"If it were not for people like Julian, we would not have come as far as we have come."
Washington, DC – Many of us woke up this morning (August 16, 2015) to the news that Julian Bond, a hero who was at the forefront of the civil rights movement, had died. Julian was only 75 years old, and as many of us approach that number, we are especially saddened because we know there is so much more to be done for equal rights to become a reality. If it were not for people like Julian, we would not have come as far as we have come or made the progress we have made to date.
I lived in Atlanta, Georgia when neither Julian nor I had white hair. We were great friends. I remember how we’d walk down the streets of Atlanta laughing and talking about all the great issues of the day — as well as our hopes and dreams for the future. We chose to walk because in those days, we were always sure someone was listening inside buildings.
One of Julian’s fondest hopes was to become Chairman of the Board of the NAACP. He ultimately did that and I was happy he shared that with me in our walking and talking sessions.
Later when I moved from Atlanta to Michigan, Julian came to Flint, where I had gone to work for the NEA affiliate (Michigan Education Association). He needed to get to Saginaw, Michigan for a speech he was to do there, and he asked me to drive him. That was before I was familiar with the Michigan snow!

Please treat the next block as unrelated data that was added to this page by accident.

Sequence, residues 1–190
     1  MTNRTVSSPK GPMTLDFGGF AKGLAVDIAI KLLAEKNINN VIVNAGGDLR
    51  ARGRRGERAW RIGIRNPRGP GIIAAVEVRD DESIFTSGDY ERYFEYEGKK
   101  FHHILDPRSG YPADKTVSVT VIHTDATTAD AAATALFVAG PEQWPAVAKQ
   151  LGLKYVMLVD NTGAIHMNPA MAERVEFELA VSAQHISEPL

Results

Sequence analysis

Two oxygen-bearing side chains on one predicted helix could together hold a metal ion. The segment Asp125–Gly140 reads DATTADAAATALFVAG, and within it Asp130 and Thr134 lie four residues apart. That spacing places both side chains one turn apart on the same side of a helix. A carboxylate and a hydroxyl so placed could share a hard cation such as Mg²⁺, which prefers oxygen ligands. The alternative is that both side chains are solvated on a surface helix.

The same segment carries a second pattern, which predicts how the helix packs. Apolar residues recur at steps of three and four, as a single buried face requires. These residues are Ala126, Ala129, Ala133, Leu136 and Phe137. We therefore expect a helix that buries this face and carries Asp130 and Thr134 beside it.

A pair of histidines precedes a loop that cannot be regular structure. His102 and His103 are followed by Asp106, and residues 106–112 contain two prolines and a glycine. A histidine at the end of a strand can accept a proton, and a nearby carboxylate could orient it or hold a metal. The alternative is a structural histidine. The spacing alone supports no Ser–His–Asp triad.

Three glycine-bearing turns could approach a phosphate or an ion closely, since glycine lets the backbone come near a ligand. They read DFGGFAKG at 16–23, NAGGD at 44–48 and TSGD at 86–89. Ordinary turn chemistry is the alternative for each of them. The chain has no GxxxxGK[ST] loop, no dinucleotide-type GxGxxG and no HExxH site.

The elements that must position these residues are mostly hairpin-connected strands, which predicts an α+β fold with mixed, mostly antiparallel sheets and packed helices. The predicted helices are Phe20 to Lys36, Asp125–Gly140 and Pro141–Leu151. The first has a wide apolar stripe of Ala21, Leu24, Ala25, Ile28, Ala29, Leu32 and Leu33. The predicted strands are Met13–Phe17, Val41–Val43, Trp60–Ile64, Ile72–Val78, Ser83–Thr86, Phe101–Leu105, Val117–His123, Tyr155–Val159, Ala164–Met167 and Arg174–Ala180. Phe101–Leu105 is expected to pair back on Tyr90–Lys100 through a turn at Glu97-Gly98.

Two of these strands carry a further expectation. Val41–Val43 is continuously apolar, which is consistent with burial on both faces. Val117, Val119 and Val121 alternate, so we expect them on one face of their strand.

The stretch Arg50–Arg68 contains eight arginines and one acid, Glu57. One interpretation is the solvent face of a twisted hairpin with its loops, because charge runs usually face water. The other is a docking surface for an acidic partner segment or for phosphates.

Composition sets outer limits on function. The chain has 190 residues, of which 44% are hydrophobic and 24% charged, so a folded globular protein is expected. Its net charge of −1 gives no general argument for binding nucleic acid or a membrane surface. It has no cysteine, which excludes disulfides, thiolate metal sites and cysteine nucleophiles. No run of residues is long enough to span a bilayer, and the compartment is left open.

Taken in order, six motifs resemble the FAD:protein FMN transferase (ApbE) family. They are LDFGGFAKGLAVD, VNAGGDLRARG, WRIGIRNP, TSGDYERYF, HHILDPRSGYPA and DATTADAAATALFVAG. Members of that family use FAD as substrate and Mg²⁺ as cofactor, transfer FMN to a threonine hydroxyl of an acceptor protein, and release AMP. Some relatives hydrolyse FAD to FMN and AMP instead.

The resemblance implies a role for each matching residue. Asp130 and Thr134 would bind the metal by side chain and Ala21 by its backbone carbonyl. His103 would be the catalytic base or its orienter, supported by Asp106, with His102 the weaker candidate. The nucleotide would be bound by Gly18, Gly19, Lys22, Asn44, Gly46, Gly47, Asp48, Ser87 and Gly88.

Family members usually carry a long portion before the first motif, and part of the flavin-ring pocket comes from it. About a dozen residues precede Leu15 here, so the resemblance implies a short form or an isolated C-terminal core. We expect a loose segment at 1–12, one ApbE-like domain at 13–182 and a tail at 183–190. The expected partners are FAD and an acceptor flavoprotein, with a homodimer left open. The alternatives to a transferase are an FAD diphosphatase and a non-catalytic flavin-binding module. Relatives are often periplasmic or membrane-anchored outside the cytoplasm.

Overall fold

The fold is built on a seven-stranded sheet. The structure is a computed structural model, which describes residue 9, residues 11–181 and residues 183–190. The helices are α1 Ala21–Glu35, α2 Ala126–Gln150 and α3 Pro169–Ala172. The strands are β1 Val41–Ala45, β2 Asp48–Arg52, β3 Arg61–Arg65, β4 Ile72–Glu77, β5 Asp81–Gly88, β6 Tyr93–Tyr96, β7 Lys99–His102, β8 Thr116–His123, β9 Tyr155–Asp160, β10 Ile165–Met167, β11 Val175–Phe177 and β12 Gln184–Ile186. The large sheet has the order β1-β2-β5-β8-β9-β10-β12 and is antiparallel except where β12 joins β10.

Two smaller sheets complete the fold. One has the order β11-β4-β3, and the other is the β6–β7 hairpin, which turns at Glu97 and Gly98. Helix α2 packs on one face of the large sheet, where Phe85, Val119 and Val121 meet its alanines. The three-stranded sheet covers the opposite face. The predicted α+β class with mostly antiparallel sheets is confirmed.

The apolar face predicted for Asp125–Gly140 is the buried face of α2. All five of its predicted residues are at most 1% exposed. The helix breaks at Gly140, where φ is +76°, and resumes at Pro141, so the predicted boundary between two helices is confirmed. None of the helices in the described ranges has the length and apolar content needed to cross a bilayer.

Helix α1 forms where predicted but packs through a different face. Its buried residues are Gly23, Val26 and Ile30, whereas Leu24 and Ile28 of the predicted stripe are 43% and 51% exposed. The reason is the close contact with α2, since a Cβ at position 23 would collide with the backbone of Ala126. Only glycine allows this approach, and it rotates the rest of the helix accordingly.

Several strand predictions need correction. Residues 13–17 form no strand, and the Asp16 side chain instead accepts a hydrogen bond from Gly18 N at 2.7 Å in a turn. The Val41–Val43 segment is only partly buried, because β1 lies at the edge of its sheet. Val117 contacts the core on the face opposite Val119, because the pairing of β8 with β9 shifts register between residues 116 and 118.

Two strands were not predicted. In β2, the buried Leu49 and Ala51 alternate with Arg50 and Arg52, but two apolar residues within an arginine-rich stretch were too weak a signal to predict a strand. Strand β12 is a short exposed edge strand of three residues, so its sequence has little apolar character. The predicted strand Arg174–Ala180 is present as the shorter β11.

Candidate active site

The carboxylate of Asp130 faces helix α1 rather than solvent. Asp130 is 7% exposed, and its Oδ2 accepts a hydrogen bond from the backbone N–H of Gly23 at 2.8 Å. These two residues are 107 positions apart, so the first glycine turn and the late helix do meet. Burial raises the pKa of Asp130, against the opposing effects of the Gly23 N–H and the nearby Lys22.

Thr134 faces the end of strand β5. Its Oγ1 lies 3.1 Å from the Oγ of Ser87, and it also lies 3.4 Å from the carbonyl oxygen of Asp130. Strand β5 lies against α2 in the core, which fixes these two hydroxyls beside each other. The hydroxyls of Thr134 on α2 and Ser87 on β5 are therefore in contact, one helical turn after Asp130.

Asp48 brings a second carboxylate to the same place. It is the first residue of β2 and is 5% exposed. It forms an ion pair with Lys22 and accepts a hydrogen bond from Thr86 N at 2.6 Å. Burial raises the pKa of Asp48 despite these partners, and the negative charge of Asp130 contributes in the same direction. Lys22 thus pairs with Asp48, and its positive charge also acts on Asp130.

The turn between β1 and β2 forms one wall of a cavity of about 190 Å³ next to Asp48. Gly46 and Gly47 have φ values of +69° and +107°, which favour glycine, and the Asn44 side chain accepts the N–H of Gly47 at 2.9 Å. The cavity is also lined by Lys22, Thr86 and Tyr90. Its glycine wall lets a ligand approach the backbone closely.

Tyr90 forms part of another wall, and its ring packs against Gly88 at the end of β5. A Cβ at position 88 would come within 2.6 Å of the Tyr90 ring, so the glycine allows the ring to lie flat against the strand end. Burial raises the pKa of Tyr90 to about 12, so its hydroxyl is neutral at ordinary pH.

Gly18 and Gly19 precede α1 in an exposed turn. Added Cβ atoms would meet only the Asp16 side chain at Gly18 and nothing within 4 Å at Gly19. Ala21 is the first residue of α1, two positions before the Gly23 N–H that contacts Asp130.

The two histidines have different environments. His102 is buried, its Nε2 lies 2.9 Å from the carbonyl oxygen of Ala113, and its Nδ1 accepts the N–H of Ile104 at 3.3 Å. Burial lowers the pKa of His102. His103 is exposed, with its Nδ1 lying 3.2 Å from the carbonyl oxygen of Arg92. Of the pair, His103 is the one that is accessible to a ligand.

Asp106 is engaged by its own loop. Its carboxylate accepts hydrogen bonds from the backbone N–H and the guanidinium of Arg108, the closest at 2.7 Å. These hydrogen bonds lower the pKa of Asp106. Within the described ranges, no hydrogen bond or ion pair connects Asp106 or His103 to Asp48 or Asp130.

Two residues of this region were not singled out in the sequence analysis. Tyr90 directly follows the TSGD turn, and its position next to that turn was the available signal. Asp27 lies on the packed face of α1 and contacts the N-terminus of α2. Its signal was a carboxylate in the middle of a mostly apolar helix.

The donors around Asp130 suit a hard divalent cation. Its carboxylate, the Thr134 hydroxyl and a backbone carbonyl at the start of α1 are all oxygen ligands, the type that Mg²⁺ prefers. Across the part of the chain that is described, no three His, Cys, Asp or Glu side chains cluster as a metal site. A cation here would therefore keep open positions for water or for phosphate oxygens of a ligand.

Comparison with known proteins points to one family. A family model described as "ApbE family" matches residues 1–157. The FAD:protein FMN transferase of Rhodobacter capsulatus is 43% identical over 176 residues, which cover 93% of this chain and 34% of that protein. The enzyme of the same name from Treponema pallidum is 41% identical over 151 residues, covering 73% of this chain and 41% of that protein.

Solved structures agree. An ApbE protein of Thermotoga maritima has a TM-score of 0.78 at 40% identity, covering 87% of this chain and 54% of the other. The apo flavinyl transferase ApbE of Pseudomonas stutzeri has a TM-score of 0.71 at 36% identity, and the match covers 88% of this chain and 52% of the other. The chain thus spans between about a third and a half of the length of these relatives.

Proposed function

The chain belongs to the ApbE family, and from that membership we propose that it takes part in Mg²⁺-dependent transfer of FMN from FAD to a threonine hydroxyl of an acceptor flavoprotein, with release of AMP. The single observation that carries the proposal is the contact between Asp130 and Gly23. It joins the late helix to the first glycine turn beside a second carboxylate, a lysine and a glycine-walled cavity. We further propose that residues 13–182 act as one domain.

I drove him there, and he told me so many jokes — one that is too raunchy to repeat here. Because he had such a dry sense of humor, no one would ever have believed some of the ones he told me on that occasion.
Well after the jokes and dinner, and a lot of laughter, I had to drive back to Flint on a wing and a prayer because the snow was so heavy that all the road signs were covered. I had to guess that I was going the right way. Some years later, I saw Julian in the Rayburn Congressional Office Building, and we reconnected with my telling him, “You know, I am on the road as much as you are now,” and he asked if that meant I was driving a truck by chance.
I didn’t see my friend much in recent years, but whenever we met, he had a new joke. The only time that was not the case was just a few weeks ago when I saw him in Philadelphia at the NAACP Convention. That was the last time I was to see him. I didn’t get a chance to talk with him, but he was praised, and rightly so, by NAACP President Cornell W. Brooks. He was a bit grayer than the last time we talked, but he was the eternal activist to the end, and I am glad to have called him my friend.
Dr. E. Faye Williams is National President of the National Congress of Black Women, Inc.
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Watch: Julian Bond talks marching in 1963, celebrity activism, and Harry Belafonte and Jay Z in the BET.com video below.
(Photo: Dudley M. Brooks/The Washington Post/Getty Images)